If you’ve been shopping for a mortgage at local banks, you are probably getting hit with the demand for a 20% down payment. Even if you have a few years of work under your belt, you likely haven’t been able to save sufficient funds to meet that requirement.
Physician mortgage loans are usually available for a zero down payment. This means you can qualify for white coat loans right out of medical school.
Physician loans also have a higher loan limit. Many lenders will loan you 95% to 100% for a home mortgage of up to $1 million. If applying for a $2 million mortgage they will usually finance up to 90% of the home value.
Most banks will require those making low to zero down payments to pay private mortgage insurance(PMI). This is insurance you pay to protect the lender. If you stop making payments on your mortgage the insurance covers the lender’s loss.
Traditional lenders usually require PMI for any mortgage where the down payment is less than 20%. The average cost is 0.25% to 2% of your loan amount every year.
The rate is based on your risk factors. The higher the risk, the higher your PMI percentage. The borrower pays the insurance to compensate the lender for taking a risk by loaning funds with a low down payment, high DTI, or low credit score.
Your payment for PMI is part of your monthly mortgage payment. Because the percentage you pay is against your mortgage balance, the higher the mortgage, the higher the payment.
The lender collects PMI insurance until your equity in the home reaches 20%. Once you have 78% or more equity in your home, the lender has an obligation to cancel your PMI. You must have your mortgage payments current for PMI cancellation.
If a lender fails to remove PMI when you qualify, they are in violation of the Federal Homeowners Protection Act.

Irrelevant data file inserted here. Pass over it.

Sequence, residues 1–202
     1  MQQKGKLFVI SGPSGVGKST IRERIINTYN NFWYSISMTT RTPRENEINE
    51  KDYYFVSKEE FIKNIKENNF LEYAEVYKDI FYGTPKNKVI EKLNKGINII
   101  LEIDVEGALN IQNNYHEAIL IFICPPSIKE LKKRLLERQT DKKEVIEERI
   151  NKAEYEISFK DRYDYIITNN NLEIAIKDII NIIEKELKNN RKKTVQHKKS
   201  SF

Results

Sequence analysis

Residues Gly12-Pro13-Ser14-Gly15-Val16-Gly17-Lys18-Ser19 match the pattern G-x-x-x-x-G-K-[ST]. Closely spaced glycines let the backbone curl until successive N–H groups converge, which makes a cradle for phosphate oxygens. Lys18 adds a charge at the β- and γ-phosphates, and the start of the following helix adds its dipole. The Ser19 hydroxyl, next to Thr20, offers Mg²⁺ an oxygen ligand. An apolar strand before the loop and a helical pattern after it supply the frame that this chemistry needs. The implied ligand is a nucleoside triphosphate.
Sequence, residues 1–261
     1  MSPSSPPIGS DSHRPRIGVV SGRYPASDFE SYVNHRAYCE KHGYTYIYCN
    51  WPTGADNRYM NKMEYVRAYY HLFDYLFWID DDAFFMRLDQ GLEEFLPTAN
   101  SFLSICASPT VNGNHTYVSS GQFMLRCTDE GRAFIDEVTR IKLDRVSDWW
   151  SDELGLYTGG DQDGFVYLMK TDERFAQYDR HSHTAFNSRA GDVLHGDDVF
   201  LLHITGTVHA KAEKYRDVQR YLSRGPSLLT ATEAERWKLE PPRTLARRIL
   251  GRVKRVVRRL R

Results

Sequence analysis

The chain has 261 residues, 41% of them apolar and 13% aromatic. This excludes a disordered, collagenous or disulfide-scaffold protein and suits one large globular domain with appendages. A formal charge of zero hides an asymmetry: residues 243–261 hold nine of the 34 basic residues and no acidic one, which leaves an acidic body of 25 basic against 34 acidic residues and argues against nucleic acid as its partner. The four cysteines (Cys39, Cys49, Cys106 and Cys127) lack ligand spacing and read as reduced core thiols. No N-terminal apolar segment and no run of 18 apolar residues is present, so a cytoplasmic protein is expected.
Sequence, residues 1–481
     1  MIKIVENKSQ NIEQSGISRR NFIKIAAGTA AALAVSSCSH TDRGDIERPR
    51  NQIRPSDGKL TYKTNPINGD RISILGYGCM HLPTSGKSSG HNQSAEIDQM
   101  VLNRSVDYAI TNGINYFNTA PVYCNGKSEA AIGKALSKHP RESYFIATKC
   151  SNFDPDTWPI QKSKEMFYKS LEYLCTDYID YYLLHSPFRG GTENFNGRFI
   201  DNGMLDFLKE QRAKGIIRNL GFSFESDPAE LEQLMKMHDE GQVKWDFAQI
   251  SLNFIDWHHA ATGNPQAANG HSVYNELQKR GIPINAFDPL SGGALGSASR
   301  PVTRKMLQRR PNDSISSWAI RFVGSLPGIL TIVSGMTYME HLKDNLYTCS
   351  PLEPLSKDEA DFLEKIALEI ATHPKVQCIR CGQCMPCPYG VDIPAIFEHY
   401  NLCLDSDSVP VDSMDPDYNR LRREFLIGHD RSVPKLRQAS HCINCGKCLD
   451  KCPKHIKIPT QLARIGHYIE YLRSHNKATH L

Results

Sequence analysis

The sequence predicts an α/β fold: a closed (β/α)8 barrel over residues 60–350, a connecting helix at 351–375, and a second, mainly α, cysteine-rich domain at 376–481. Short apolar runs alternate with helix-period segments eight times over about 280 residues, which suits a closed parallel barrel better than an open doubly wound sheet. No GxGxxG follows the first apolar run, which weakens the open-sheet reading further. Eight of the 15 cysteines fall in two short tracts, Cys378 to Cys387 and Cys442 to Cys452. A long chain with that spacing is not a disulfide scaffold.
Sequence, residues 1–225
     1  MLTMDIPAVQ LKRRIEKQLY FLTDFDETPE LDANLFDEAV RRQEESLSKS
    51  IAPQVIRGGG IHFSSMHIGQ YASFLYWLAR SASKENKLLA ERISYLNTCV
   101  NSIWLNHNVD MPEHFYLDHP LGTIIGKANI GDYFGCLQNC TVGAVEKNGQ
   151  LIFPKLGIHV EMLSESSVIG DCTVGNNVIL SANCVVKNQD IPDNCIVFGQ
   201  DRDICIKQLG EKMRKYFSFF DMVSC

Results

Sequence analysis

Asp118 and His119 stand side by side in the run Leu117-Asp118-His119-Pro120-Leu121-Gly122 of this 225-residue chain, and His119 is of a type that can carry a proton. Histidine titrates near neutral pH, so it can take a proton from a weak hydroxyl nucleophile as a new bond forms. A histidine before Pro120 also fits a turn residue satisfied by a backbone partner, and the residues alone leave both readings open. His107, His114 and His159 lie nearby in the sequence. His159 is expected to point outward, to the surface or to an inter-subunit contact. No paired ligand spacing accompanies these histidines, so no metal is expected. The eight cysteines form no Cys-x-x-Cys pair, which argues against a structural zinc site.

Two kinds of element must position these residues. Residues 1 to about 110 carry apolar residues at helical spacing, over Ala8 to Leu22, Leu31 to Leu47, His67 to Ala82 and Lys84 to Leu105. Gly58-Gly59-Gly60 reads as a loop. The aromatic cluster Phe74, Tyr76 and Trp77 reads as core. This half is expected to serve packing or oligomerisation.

Mortgage loans for doctors do not have a PMI requirement. Not having to pay this insurance can save you hundreds of dollars every month, depending on the size of your loan.
A doctor’s loan is only available for buying or refinancing a primary residence. You must live in the home you use a physician’s loan for. This type of mortgage is not available for a financing investment property, a vacation home, or a second residence.
The best physician loans will allow you to close on your mortgage prior to beginning your job. With an employment contract, you will be able to close on your mortgage 30-90 days prior to starting work. This gives you the advantage of moving in and getting settled before you start working.
Connect With a Banker
When trying to make a decision on whether or not physician loans are a good choice for you, contact a Banker. This professional provides their services for free. They help you narrow down the best loan option for you based on your individual needs.
Considerations include the size of the loan you can comfortably manage, the length of mortgage for the lowest long-term expenditure, and interest rates and fees. They will help you locate a selection of lenders to whom you can apply.
You Need DrHomeFinance.com
When shopping for physician loans, DrHomeFinance.com provides you with free tools and professionals who help you search for an affordable mortgage. You can easily review the physician loans available in your area and complete the application process.